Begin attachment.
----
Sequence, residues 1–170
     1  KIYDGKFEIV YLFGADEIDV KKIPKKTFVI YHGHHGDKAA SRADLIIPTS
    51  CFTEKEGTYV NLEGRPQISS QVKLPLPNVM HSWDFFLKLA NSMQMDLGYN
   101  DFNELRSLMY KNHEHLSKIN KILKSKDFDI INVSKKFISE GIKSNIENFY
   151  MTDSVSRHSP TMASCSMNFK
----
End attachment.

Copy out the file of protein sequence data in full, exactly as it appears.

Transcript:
Sequence, residues 1–170
     1  KIYDGKFEIV YLFGADEIDV KKIPKKTFVI YHGHHGDKAA SRADLIIPTS
    51  CFTEKEGTYV NLEGRPQISS QVKLPLPNVM HSWDFFLKLA NSMQMDLGYN
   101  DFNELRSLMY KNHEHLSKIN KILKSKDFDI INVSKKFISE GIKSNIENFY
   151  MTDSVSRHSP TMASCSMNFK